THE Opposition has slammed the Government’s plans for a K500 million upgrade of Jackson Airport to international standards amid deteriorating hospital conditions and dwindling, supplies and life-saving equipment.
Re-appointed Transport, Civil Aviation and Works Minister Don Polye recently announced his intention to fund upgrading of Jackson Airport at a cost of K500 million.
Deputy Opposition leader and Lae MP Bart Philemon said that once again, the Somare Government funding priorities show that it sees the lives of ordinary Papua New Guineans as expendable.
“It took 10 years to find less than K10 million to purchase a cobalt machine for the cancer ward in Lae following the deaths of many Papua New Guineans who could not go overseas for such treatment,” Mr Philemon said, referring to Angau Base Hospital’s lack of this equipment for decades.
“And look at the deteriorating conditions of the nation’s major hospital – Port Moresby General Hospital.
“Just the other day, a biopsy that could not be performed on the scheduled time for a patient from Lae was delayed for three days due to lack of sterilising equipment. Following the biopsy operation, the lift from Ward Three was not working so we could not take him to Ward Eight.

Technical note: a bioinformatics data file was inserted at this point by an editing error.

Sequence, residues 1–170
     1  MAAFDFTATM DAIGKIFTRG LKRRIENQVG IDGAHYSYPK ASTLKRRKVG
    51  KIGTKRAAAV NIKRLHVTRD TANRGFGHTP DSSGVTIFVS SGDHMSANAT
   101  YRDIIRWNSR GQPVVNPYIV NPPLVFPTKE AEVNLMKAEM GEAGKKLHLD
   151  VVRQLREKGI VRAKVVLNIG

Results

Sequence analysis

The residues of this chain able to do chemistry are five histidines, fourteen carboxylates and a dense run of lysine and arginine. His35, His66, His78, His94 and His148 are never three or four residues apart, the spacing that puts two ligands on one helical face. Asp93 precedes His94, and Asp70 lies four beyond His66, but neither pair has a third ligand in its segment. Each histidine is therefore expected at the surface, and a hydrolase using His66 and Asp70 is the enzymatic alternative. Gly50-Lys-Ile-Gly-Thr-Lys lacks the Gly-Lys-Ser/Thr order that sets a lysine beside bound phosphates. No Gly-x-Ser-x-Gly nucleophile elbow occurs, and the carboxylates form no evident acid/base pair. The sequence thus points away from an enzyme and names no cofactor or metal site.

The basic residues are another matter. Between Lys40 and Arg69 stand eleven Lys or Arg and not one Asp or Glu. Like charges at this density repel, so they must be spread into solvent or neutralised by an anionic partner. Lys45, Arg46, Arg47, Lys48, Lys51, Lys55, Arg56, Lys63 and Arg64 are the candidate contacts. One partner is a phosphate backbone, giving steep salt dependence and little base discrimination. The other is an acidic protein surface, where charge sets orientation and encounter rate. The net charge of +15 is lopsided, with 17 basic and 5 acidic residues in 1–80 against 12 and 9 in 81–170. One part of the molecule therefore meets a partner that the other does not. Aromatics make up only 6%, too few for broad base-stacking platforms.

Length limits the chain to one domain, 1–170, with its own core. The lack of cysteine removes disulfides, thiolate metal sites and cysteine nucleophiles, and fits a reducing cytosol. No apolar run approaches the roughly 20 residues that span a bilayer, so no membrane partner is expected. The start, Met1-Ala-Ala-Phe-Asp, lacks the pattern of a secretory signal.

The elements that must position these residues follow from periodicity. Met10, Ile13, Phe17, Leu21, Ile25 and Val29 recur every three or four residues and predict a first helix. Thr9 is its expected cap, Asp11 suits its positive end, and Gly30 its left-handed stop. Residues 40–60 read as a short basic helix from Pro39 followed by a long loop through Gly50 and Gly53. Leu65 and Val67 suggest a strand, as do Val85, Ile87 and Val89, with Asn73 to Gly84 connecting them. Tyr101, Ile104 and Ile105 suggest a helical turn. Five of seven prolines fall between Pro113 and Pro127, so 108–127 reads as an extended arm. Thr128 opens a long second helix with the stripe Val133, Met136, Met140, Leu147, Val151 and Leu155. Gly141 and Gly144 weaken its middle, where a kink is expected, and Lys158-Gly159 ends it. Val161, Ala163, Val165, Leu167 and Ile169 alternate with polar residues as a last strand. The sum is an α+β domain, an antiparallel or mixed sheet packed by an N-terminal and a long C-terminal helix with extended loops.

Mr Philemon said the patient had to stay on Ward Three until he regained consciousness and then weak and groggy he was assisted several flights of steps to Ward Eight.
He recalled another experience in Lae last year, when another friend, who had his legs broken, had to pay K108 for morphine in a pharmacy to ease his agony because this basic medical drug was depleted.
“It has cost me more than K100 to buy this basic drug. What about the majority of the rural people? Can they afford K100 to buy morphine in a pharmacy?
Mr Philemon said the Government no doubt had to juggle a lot of conflicting, demanding and costly priorities.
“But what I am dismayed and aggrieved about is that this Government seems focused on costly luxuries that serve a few elites and themselves while the people – the citizens – that elected them into office are struggling or dying from lack of basic health services,” he said.